May 2018: Happy Elephant Care Valley, in Chiang Mai, Thailand is about to embark on a landmark agreement to transition to become a truly elephant-friendly venue. This move will end all contact between tourists and elephants at the camp, to meet the growing demand for responsible elephant experiences.
The transformation of the venue is pioneered by World Animal Protection as part of a coalition of leaders in the travel industry, including TUI Group, The Travel Corporation, Intrepid Group, G Adventures, EXO Travel, Thomas Cook Group, and others.
Elephants in many venues across Thailand still offer rides that are the result of elephants suffering a cruel and intensive training process. A 2017 KANTAR global study showed the number of people who find elephant riding acceptable has dropped by 9% (from 53% to 44%) in just three years. The research also showed that eight out of ten (80%) of tourists would prefer to see elephants in their natural environment, proving elephant-friendly tourism is on the rise.
In India there are around 3000 elephants in captivity and are being used for entertainment purposes such as rides at Amer Fort in Jaipur. Elephants are wild animals and not for our entertainment.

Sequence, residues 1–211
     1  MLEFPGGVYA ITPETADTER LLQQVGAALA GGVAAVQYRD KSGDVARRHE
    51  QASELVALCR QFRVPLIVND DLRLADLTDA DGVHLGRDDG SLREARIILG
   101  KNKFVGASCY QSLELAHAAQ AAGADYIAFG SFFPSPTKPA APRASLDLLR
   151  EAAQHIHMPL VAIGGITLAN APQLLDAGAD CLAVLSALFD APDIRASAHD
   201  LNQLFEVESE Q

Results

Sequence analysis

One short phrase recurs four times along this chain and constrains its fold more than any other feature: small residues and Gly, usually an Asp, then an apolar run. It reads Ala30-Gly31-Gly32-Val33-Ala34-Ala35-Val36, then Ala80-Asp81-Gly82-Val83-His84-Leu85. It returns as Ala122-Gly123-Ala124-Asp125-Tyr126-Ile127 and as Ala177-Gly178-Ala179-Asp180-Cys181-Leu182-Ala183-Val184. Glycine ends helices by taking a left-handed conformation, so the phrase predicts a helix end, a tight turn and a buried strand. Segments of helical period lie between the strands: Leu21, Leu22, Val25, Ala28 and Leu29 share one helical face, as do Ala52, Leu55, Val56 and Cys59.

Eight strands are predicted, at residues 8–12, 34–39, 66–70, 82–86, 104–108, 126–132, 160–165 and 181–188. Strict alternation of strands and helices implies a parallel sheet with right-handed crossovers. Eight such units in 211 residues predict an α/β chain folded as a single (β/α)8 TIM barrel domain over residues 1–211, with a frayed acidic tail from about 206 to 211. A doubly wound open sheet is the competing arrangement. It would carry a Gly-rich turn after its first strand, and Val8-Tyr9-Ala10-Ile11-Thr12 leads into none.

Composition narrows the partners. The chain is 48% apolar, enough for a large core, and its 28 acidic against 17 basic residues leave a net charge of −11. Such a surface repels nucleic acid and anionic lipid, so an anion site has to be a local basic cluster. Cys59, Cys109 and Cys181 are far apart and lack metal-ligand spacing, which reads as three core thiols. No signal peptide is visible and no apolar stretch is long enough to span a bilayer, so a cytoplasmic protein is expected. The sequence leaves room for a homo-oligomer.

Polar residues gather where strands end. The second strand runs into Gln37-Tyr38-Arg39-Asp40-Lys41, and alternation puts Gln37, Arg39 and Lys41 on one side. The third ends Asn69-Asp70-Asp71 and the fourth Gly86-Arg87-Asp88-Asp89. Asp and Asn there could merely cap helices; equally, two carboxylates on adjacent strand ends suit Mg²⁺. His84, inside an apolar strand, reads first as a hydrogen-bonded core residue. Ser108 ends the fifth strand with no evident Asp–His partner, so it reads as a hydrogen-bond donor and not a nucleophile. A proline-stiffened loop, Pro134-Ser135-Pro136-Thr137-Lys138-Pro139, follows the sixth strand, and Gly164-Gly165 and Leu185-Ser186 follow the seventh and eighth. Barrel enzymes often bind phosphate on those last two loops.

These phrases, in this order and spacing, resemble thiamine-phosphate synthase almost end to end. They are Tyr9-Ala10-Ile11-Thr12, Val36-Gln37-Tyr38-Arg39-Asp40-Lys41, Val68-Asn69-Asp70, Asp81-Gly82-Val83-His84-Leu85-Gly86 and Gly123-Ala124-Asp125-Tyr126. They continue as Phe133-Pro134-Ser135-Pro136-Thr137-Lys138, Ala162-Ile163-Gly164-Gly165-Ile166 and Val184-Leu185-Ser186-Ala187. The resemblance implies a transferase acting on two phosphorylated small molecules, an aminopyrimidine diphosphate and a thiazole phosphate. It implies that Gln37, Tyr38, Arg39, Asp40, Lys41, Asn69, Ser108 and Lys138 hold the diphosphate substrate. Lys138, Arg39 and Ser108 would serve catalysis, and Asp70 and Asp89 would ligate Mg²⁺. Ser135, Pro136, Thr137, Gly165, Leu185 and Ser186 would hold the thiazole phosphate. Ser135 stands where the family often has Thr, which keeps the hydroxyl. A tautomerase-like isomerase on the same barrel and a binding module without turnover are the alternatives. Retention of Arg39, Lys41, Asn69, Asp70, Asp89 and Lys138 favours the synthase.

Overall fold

“Happy Elephant Care Valley is a ground breaking development for both elephants and tourists. It will be a very real example of an attraction where tourists can see elephants behaving naturally and freely as part of a herd. It will demonstrate that elephant-friendly experiences are possible, without forcing cruel interactions with people. We hope it paves the way for creation of similar facilities in India and brings about a change in the attitude of tour operators and tourist demand for elephant rides. This is replicable and doable in our country and we urge the Indian government to engage other stakeholders to come up with a sustainable solution like this and help protect elephants from abuse,” said Gajender K Sharma, India Country Director at World Animal Protection.
The elephants at Happy Elephant Care Valley were previously from farms and riding camps, and until recently it was possible for close interaction between tourists and the elephants, being able to ride, bathe and feed elephants at the venue. This stopped when the travel industry coalition presented a business case demonstrating the rise of elephant-friendly tourism. The transition will see the elephants free to behave as they would in the wild; free to roam the valley, bathing in mud, dust, water or grazing as tourists experience the wonder, standing at a safe distance.
Steve McIvor, CEO at World Animal Protection:
“With the support of the world’s leading travel companies, this agreement is a significant milestone for World Animal Protection. It will show that high welfare venues for elephants can be commercially viable for elephant camp owners – encouraging them to value and care for their animals.”